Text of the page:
Pension not newsworthy
I was disappointed with Debra Erdley's news story “Ex-PSU counsel's pension criticized” (March 7 and TribLIVE.com). Like every other retired commonwealth employee, Cynthia Baldwin's pension was calculated under Pennsylvania law. Ms. Baldwin was not given any special treatment, and her pension is no more newsworthy than that of any other retired commonwealth employee.
Furthermore, Ms. Erdley omitted some critical information. For instance, by choosing to end her retirement to work as Penn State's general counsel, Baldwin forfeited two-and-a-half years of retirement benefits. Additionally, Pennsylvania law required Baldwin to contribute double what other state employees are required to contribute to the Pennsylvania State Employees' Retirement System for her first 10 years as a judge and one-and-a-half times what other state employees are required to contribute thereafter.
Baldwin's pension is in full compliance with Pennsylvania law. Baldwin served the people of the commonwealth for over 30 years as a public school teacher, a deputy attorney general, an Allegheny County Court of Common Pleas judge and a Pennsylvania Supreme Court justice, among other positions. Erdley's news story was certainly no way to repay Baldwin for her many years of service.
The writer, a partner in the Downtown law firm Fox Rothschild LLP, is counsel for Cynthia Baldwin.
TribLive commenting policy
You are solely responsible for your comments and by using TribLive.com you agree to our Terms of Service.
We moderate comments. Our goal is to provide substantive commentary for a general readership. By screening submissions, we provide a space where readers can share intelligent and informed commentary that enhances the quality of our news and information.
While most comments will be posted if they are on-topic and not abusive, moderating decisions are subjective. We will make them as carefully and consistently as we can. Because of the volume of reader comments, we cannot review individual moderation decisions with readers.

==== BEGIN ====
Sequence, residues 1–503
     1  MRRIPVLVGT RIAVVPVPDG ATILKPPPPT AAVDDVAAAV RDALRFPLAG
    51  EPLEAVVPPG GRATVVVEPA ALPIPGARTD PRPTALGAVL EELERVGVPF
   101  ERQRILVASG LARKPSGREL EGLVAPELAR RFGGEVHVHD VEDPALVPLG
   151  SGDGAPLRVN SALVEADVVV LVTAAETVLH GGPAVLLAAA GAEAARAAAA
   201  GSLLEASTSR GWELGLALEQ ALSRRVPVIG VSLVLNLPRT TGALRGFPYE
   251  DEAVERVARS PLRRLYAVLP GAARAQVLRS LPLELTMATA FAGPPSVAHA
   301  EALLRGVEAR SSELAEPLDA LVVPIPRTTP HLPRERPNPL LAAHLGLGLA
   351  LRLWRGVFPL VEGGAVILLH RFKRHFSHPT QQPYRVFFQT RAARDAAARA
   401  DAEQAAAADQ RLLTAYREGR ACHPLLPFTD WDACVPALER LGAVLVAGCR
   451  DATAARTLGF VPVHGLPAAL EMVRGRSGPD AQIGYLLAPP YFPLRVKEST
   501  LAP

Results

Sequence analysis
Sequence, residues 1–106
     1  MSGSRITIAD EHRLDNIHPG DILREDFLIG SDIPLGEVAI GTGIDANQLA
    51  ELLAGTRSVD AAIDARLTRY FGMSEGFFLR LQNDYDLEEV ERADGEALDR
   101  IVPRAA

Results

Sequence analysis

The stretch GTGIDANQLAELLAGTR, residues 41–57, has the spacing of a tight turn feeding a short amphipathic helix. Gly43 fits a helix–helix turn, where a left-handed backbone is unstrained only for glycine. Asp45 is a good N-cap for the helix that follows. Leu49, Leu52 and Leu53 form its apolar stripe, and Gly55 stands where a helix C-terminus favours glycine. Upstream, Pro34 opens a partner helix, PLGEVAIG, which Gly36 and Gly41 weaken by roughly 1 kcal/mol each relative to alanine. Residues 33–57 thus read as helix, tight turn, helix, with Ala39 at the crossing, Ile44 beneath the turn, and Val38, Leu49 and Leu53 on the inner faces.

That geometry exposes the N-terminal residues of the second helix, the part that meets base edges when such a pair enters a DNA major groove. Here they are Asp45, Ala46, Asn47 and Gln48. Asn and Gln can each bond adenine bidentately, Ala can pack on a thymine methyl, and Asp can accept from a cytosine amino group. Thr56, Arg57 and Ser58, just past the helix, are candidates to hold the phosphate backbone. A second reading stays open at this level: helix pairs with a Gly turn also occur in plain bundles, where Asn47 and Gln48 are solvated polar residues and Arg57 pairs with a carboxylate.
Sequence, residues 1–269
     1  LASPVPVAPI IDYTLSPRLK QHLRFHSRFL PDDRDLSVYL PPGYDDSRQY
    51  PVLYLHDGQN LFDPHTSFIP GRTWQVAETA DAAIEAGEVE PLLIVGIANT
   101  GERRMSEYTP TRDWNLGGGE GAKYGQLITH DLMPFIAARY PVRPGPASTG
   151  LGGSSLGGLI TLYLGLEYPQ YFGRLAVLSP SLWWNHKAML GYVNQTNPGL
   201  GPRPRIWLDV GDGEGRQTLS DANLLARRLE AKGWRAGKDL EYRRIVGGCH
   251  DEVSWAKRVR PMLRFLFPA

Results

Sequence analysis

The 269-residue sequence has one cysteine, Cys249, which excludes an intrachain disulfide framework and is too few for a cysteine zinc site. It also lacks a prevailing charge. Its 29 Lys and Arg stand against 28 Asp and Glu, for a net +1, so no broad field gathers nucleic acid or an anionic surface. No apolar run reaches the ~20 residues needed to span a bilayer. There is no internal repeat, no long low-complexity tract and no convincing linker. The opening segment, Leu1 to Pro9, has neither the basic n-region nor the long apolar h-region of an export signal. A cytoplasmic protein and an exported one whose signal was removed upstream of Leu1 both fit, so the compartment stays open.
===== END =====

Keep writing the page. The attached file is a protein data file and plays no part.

We value thoughtful comments representing a range of views that make their point quickly and politely. We make an effort to protect discussions from repeated comments â either by the same reader or different readers.
We follow the same standards for taste as the daily newspaper. A few things we won't tolerate: personal attacks, obscenity, vulgarity, profanity (including expletives and letters followed by dashes), commercial promotion, impersonations, incoherence, proselytizing and SHOUTING. Don't include URLs to Web sites.
We do not edit comments. They are either approved or deleted. We reserve the right to edit a comment that is quoted or excerpted in an article. In this case, we may fix spelling and punctuation.
We welcome strong opinions and criticism of our work, but we don't want comments to become bogged down with discussions of our policies and we will moderate accordingly.
We appreciate it when readers and people quoted in articles or blog posts point out errors of fact or emphasis and will investigate all assertions. But these suggestions should be sent via e-mail. To avoid distracting other readers, we won't publish comments that suggest a correction. Instead, corrections will be made in a blog post or in an article.